Sat | Jul 20, 2019

Stephen Edwards | Must black people know their place, Mr Bunting?

Published:Sunday | March 11, 2018 | 12:00 AM
Peter Bunting


The People's National Party's (PNP) Peter Bunting has been justifiably excoriated in electronic, print and social media over the past several days for exposing his ignorance and naked partisanship in comments made on his online platform about newly elected JLP Member of Parliament, Ambassador Dr Nigel Clarke.

The immediate and sustained nature of the condemnation was, however, cathartic to the body politic, as it suggested that Bunting's distorted views have no place in modern Jamaica.

Bunting compared the two candidates for the St Andrew North West by-election, characterising one, Keisha Hayle, by highlighting her achievements in multiple domains, while unfairly categorising the other, Dr Nigel Clarke, in one-dimensional language that only emphasised his academic credentials earned 20 years ago. Left up to Bunting's mean-spirited and distorted projection of Clarke, one might be mistakenly led to believe that he has sat at home idle for two decades.

The brief clip neglected Clarke's well-documented, long-standing and impressive civic and national accomplishments using music, chess, and public lectures as transformational tools to empower the minds of young people. Neither Bunting nor his co-host, the Rev Garnett Roper, made any reference to Clarke's substantial public-sector credentials leading institutions such as HEART and the National Housing Trust, with worthy results. Clarke's service in the Senate, widely regarded as distinctive, was also absent from the programme.

Clarke's record also includes private-sector stewardship with Caribbeanwide corporate responsibility across many sectors of the economy and service as ambassador of economic affairs. These contributions were omitted in Bunting's analysis.

The programme, therefore, presented a demonstrably false portrayal of Clarke. The one-dimensional characterisation may have been intended, or it may have resulted from sloppy preparation. Either way, it reflects very poorly on Rev Roper and Mr Bunting who, arguably, have been exposed in this instance as propagandists, disingenuous commentators, and/or merchants of partisan falsehood. Their performance diminished the public's view of their intellectual honesty.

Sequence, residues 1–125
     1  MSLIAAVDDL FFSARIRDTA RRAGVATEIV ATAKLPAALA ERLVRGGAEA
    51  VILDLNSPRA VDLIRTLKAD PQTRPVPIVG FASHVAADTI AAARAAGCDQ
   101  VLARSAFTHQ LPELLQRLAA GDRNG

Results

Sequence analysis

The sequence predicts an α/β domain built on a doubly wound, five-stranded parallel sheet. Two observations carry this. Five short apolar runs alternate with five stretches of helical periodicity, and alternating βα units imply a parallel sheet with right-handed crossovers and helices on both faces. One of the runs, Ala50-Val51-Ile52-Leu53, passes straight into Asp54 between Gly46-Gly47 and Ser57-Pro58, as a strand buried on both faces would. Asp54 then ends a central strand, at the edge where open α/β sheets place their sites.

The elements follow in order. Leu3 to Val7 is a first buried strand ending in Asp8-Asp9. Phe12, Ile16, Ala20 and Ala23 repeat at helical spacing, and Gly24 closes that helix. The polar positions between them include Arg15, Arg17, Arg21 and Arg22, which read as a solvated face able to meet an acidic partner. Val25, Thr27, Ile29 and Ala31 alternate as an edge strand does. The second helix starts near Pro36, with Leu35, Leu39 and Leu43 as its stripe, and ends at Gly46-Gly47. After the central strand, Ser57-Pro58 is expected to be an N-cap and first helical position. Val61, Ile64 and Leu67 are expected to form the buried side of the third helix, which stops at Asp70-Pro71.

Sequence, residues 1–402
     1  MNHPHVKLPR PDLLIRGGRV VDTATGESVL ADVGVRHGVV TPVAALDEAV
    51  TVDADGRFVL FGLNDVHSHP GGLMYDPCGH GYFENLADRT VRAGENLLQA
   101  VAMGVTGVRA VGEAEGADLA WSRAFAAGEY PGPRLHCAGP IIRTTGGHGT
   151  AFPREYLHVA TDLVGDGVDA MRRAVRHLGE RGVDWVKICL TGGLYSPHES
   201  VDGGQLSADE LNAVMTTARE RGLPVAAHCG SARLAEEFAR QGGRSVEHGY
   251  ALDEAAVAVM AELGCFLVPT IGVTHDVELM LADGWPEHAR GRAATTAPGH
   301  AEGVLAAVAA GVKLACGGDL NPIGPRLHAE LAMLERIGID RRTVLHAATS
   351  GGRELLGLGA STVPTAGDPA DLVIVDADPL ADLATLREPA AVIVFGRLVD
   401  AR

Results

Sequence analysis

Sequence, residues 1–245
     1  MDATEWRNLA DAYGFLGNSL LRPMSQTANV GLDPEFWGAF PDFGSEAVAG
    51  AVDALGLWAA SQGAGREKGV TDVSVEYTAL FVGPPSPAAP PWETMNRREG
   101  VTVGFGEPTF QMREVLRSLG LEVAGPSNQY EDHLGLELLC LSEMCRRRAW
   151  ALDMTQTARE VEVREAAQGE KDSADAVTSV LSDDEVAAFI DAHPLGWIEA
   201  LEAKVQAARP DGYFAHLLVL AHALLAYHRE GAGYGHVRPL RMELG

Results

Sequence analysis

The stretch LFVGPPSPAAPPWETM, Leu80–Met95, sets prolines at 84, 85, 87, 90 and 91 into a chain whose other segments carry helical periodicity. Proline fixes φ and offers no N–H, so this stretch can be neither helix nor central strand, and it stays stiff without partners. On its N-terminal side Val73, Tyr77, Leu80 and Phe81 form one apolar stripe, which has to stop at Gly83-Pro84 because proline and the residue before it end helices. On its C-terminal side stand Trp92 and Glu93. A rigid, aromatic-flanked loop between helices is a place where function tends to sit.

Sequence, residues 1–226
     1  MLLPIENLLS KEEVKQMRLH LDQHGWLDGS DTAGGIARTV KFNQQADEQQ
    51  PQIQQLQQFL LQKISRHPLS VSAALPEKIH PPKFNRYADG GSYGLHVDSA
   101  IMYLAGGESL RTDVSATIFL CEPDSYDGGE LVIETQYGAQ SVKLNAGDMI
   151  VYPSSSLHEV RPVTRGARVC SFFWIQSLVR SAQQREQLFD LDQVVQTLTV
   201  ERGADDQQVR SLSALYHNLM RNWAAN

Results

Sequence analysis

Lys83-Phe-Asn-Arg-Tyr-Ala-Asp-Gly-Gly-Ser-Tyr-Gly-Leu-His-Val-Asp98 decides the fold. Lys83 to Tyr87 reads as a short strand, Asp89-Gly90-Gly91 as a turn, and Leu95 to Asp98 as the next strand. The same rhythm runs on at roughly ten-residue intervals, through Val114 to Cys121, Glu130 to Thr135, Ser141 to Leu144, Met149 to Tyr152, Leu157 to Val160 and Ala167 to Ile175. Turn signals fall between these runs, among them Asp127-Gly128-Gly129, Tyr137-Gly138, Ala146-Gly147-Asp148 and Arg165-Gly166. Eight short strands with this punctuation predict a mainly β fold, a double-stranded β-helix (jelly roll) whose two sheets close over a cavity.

Having constructed their straw man as composed only of academic pedigree and unceremoniously stripped of his other accomplishments, they then characterised this fictional character as "aspiring to be black royalty".

"Aspiring to be black royalty" is a euphemism for the 'uppity Negro', the black man who does not know his place. These phrases would have been common in racist culture of the early 20th century. The aspirant or uppity Negro aspires after things, usually knowledge or professional accomplishments, that are seen as naturally belonging to white folks. These words were employed by a white supremacist society to denigrate and belittle some of our most accomplished black ancestors in colonial times.

The first deeply disturbing irony is that Bunting, a highly accomplished black man, employs this racist construct to describe another highly accomplished black man.

Bob Marley exhorted us to free ourselves from mental slavery. This requires a complete rejection of white supremacist thinking that sees some knowledge or art forms as appropriate for blacks and other knowledge the domain of whites.

Observe the disposition of the Chinese, Japanese or Jews who pursue excellence in all fields. All knowledge is the inheritance of mankind, irrespective of origin. After all, we learn Newtonian physics and our number system owes its existence to Indian and Arabian mathematicians while writing, paper and pen, among other features of modern life, had origins in Ancient Egypt.

With recklessness, Bunting advances a perilous ideology by promoting the view that because Clarke has "great British education" and is a man with wide interests, he is "mimicking the values and affectations of the former colonial masters". This illogic is dangerous as it is opposed to the maximisation of the potential of a people.

The other unfortunate irony is that it is actually Bunting who is mimicking colonial masters with the implication that academic excellence and wide artistic interests are the preserve of colonial whites.

The racist view embodied in Bunting's description is that black people can only possess these values by mimicking, and there is nothing authentic about a black man with wide intellectual pursuits. With the white man, such interests are organic and natural, and intellectual freedom is inherent. Nigel, however, a black man, should not be intellectually free. He must restrain himself and know his place.

Bunting, who is a member of Jamaica's elite, broadly defined, fails to recognise that leadership is neither about one's achievements nor one's background.

Fidel Castro and Simon Bolivar were from the landed elite, Toussaint L'Ouverture was a former slave, and Winston Churchill was from the aristocracy. Leadership is fundamentally about the ability to connect emotionally with other human beings, a skill that rests upon possession of empathy, a virtue that Bunting increasingly shows he lacks.

- Stephen Edwards is president of Generation 2000, a Jamaica Labour Party affiliate. Email feedback to